Weekend update

Congress returns to Washington this week to address the Medicare Part B payment fix issue and the Ukraine according to the Hill’s Floor Action blog. The Floor Action blog recaps the FEHBlog’s expectation:

Earlier this month, House Republicans tried to permanently kill the SGR formula in a bill that would also delay the individual mandate under ObamaCare for five years. The House passed that bill with 12 Democrats, but it’s seen as a dead letter in the Senate, and the Obama administration has threatened to veto it.  That means Congress has little choice but to agree on some short-term patch once again this week. The House seems likely to pass it by the middle of the week, and the Senate is likely to follow through soon afterwards.

The FEHBlog being an old guy reads two newspapers everyday. He reads the Wall Street Journal for international and national news and the Washington Post for federal employee news, local news, and local sports. (Also the New York Times on Sunday for old time sake.) The FEHBlog also gets a charge out of reading the Washington Post’s massive reports on the front page of the Sunday paper. Today’s deep dives concerned GWU’s admissions process and OPM’s retirement claim processing service located in a limestone mine in Boyers, PA (rented as it turns out by the Iron Mountain document storage company) — the “Sinkhole of Bureaucracy.”  The Post shellaced OPM for continuing to process retirement claims on paper. But as the article as points out, the root problem is a hideously complex retirement systems (two systems actually). The Post notes the the State of Texas can process a state employee retirement claim in two days. Congress should consider modelling the federal system on Texas if it wants to solve this problem instead pushing OPM to pound a square peg into a round hole.

The FEHBlog did his own deeper dive on the AvMed breach of privacy class action settlement that he discussed in the most recent mid-week update. The class action stems from the theft of two AvMed laptops containing unencrypted protected health information. A National Law Review article reviewed the terms of the settlement as follows:

Under the agreement’s terms, AvMed will establish a $3 million fund to pay the following:
1.Class members whose personal information was actually on the stolen laptops, but who have not suffered identity theft, can receive $10 for each year they paid AvMed for health insurance coverage before the December 2009 incident, up to a maximum recovery of $30. This relief is intended to compensate class members for that portion of their premiums that plaintiffs contend AvMed should have devoted to adequate data protection protocols and procedures.  This group comprises the “Premium Overpayment Settlement Class.”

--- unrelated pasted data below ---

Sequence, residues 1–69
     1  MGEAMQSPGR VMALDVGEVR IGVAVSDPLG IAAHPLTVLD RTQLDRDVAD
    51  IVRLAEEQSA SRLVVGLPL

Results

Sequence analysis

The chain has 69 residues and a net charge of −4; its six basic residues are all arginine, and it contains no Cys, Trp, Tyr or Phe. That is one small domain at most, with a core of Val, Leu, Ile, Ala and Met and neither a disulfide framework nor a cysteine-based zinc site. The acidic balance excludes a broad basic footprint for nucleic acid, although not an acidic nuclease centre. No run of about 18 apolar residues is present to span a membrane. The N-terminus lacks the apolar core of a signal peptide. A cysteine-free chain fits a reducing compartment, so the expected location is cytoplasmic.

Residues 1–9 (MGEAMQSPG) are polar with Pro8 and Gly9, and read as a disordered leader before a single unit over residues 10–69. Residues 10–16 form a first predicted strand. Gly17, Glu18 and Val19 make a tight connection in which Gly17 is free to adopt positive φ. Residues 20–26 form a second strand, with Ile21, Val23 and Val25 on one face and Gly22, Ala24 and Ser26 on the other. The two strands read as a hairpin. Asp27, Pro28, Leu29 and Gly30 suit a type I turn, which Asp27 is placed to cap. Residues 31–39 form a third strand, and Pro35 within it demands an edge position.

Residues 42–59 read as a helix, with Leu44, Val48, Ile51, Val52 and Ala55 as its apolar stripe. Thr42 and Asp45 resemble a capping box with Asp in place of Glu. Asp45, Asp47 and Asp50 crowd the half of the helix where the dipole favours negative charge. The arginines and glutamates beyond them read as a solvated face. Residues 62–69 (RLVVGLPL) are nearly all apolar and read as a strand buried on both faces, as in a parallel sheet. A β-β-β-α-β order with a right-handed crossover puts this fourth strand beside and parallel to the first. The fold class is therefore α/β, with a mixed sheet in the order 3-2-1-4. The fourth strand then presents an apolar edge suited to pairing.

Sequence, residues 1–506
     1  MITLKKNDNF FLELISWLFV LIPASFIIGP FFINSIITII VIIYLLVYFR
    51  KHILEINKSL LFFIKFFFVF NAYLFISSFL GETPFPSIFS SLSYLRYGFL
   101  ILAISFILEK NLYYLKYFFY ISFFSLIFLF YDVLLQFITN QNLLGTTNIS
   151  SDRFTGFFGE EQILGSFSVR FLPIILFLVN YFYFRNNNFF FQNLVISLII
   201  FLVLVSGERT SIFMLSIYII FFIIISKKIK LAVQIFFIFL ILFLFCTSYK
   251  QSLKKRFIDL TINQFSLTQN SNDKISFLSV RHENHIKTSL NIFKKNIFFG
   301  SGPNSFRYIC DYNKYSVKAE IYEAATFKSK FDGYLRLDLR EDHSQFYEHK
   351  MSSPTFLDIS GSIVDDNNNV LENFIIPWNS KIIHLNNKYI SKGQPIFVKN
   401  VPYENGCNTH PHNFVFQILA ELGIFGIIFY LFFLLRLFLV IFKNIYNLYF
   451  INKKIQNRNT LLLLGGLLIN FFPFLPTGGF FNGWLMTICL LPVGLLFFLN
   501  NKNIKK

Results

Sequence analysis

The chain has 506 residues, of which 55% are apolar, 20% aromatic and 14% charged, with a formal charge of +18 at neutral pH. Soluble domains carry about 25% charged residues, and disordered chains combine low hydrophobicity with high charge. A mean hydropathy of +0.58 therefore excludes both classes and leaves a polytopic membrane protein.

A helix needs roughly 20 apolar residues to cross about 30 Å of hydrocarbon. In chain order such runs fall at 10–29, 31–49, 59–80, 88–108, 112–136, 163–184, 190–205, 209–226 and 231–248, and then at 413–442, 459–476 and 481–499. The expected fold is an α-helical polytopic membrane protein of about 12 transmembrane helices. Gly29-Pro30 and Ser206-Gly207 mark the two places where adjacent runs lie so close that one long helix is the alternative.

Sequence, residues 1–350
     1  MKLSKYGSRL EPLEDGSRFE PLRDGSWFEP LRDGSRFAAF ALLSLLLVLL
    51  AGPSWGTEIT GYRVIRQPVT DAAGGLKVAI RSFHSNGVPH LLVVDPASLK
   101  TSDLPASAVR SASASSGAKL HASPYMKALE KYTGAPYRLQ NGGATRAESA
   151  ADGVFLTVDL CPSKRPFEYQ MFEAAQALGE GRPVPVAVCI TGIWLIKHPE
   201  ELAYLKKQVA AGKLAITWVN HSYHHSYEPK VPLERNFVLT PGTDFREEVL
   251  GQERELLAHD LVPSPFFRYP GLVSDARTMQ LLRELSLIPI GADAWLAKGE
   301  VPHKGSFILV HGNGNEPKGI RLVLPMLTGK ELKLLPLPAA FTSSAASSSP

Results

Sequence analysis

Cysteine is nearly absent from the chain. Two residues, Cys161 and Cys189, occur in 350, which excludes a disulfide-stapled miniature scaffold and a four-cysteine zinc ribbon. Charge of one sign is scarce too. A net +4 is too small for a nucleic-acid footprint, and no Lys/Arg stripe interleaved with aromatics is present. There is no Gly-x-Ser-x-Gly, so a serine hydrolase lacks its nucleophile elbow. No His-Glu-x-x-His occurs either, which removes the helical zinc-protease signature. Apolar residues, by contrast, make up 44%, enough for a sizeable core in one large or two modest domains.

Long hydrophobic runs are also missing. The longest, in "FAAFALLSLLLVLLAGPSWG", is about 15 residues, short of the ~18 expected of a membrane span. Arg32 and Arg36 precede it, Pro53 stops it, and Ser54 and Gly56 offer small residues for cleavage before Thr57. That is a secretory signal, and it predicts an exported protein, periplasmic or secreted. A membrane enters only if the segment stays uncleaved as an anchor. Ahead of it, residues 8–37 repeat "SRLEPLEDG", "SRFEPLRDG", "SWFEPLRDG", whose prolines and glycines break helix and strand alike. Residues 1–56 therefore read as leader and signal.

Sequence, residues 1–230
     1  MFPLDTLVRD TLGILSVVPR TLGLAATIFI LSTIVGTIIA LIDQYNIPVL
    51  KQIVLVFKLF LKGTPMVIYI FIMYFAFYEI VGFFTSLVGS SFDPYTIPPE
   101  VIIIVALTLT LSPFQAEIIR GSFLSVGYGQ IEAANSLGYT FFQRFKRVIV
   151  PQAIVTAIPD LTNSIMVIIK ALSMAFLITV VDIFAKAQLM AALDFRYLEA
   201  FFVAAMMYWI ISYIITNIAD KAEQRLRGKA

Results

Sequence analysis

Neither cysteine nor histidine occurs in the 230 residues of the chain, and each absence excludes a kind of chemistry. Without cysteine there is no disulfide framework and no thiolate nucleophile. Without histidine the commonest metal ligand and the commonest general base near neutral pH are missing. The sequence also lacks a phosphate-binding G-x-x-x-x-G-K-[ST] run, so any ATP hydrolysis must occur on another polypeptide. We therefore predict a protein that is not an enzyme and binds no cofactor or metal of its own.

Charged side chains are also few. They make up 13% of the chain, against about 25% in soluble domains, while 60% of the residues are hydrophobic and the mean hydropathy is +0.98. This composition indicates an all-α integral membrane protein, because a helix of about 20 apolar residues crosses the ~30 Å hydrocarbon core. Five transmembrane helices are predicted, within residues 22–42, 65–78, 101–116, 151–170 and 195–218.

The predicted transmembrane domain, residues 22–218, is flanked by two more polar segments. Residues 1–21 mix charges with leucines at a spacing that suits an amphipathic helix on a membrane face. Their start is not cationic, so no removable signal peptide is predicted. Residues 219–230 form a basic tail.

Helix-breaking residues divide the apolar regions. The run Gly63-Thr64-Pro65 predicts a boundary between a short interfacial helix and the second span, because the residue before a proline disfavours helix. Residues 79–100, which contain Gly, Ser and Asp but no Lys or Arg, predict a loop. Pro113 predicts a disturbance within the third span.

2.Those class members who actually suffered identity theft will be reimbursed for the amount of any proven monetary loss that is shown by that member to have occurred “more likely than not” as a result of the December 2009 breach. Members of this class may also claim under the Premium Overpayment Settlement Class.  The parties have allocated $250,000 to cover identity theft claims by this sub-class.
3.An incentive award of $10,000 to be split evenly among the two class representatives (for their efforts in serving as class representatives).
4.Attorneys’ fees and costs for the plaintiffs’ class attorneys, in the amount of $750,000.
5.The costs of sending notices to the settlement classes as well as all costs of settlement administration.

Emphasis added. The settlement thus does include a small per capita  payment to everyone affected by the breach to reimburse them for a portion of their premiums that should have been spent on protecting the informaiton. This Premium Overpayment Settlement Class” is eligible to receive tiny slivers of about two thirds of the settlement fund. Clearly the class action plaintiff attorneys were interested in establishing a precedent for this type of relief.  (This aspect of the settlement also allowed those attorneys to beef up the attorneys fee recovery tranche of the settlement fund.) The legal pendulum is swinging in a troubling direction for entities that hold protected health information. Take cover — e.g, purchase adequate cyber liability insurance, keep your risk assessment up to date, and encrypt protected health information held on a mobile device.

Finally, the FEHBlog also is looking forward to attending the big OPM AHIP FEHBP carrier conference later this week.